The Parish Registers of St. Mary and All Saints, Whalley, are preserved at the Lancashire County Record Office in Preston. The Lancashire Parish Register Society has published two volumes of the Whalley registers, Volumes 7 and 74, covering the period from 1538-1653. The International Genealogical Index covers baptisms at Whalley from 1538-1875 and marriages from 1539-1601 and 1605-1837. There is a manuscript index to the registers at the County Record Office covering baptisms from 1538-1569 and from 1691-1888; marriages from 1700-1847; and burials from 1740-1886. As a consequence of this coverage there is a need for further work to transcribe and index the registers fully from 1653 onwards. In the short term there is also a need for access to information on the burials from 1653 to 1739 to complement the information currently available from other sources.
Dr. John Alfred Laycock produced a handwritten transcript of Whalley registers in 1902 and this is preserved at the Public Library in Burnley. The transcript is in very clear script and it is evident that Dr. Laycock was meticulous in his work. He prepared full transcripts of other registers in the area and was the author of "A Guide to the Genealogy of the Country Around Pendle". Laycock's transcript has recently been filmed by Burnley Library and this has presented the opportunity to use the original for the first stage of a full transcript of the registers. Access to the Laycock work has allowed easier and quicker progress than use of the original register at Preston and has taken advantage of the fact that Laycock viewed the registers when they were a century younger.
The following reports have been produced for Burnley Library.
First Phase: 1653 to 1739
Burials from 1653 to 1739, rearranged in alphabetical order, August 2003
Baptisms from 1653 to 1739, rearranged in alphabetical order, September 2003
Marriages from 1653 to 1739, in two tables, one rearranged in groom order and one in bride order, October 2003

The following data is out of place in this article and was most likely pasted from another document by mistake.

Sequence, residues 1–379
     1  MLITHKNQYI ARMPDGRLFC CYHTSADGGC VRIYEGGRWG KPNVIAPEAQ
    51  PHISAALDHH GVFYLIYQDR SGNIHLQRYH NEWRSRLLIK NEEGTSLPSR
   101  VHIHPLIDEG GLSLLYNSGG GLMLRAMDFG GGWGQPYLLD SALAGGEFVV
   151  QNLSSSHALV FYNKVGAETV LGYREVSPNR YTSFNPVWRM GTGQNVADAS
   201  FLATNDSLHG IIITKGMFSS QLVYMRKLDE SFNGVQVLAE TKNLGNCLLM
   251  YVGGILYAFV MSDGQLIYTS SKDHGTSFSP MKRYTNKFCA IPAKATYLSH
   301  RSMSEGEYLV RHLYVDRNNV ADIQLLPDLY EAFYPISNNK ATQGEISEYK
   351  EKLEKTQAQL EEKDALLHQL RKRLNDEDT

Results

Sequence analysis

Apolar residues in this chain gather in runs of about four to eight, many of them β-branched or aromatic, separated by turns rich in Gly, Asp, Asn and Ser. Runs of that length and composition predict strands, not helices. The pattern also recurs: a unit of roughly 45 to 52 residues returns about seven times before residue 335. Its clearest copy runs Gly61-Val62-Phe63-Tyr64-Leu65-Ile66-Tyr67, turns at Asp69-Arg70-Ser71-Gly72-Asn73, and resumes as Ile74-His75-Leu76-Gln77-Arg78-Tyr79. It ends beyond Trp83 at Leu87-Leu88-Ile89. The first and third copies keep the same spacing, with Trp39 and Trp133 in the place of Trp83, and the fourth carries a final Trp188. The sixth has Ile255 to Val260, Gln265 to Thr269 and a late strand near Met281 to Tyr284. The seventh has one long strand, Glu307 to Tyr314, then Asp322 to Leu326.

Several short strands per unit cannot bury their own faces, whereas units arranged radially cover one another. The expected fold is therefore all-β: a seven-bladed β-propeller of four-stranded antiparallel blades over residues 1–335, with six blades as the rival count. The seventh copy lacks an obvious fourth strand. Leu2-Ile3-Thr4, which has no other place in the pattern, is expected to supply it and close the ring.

Second Phase: 1740 to 1812
Baptisms 1740 to 1812, rearranged in alphabetical order, January 2004
Marriages 1740 to 1812, in two tables, one rearranged in groom order and one in bride order, June 2004
Burials 1740 to 1812, rearranged in alphabetical order, September 2004
Third Phase: 1813 to 1837
Baptisms 1813 to 1837, rearranged in alphabetical order, January 2005
The Reverend Councillor Chris Sterry, Vicar of Whalley, gave his support for the preparation of versions suitable for publication by the Lancashire Parish Register Society. This involved converting the tables in date order form into text format by simple word processor commands. The draft was cross-checked against the original register and then against the bishops' transcripts, both of which are at the County Record Office in Preston. Two volumes, covering the period 1653 to 1753, and 1754 to 1812 have been published. The first is Volume 162 in the LPRS series and was published in July 2006. The second is Volume 164, which was published in November 2006. A further section covering 1813 to 1837 was published in October 2009 as Volume 171.
The Lancashire Parish Register Society has a handwritten transcript of such registers as survive from 1723, prepared in the early 1950s by Dr. Milton Ormerod. Most of the periods for which the registers are missing are covered by the BTs. In addition to the registers, Dr. Ormerod consulted paper copies kept by some of the incumbents and these often had additional details of abodes. I have typed his transcript of the records from 1723 to 1762, checked it against the originals and the BTs and against the curate's paper copies. The work has now been extended from the BTs to create a volume covering 1723-1772, published by the Lancashire Parish Register Society on CD ROM as Volume NC 2.
There is about a forty year period from 1762 in which the baptism and burial registers are missing and the records have been transcribed from the BTs. A further volume covering 1773 to 1812 was publised by the LPRS on CD ROM as Volume NC4 in September 2009.
The registers from 1653 to 1722 were transcribed in 1912 and form Volume 45 of the LPRS series; these registers are incomplete and were not collated with the bishops' transcripsts. I have now collated this register with the bishops' transcripts. The registers before 1653 are lost but there survive twenty years of bishops' transcripts in the period from 1606 to 1640 which I have transcribed to create a volume that covering 1606 to 1722, which was published by the Lancashire Parish Register Society in hardback in 2010 as Volume 45a.
From 1788, St. John the Evangelist at Bacup began as a chapel of ease for Newchurch-in-Rossendale and performed baptisms and burials. The records from Bacup and Newchurch are combined into a single list in the Bishops's transcripts so to identify those belonging to Newchurch in the period up to 1797 for baptisms and 1803 for burials, it has been necessary to transcribe those of Bacup and subtract them from the BT listing. This now forms the basis of a transcript of Bacup from 1788 to 1812. It was published by the Lancashire Parish Register Society on CD ROM in April 2010.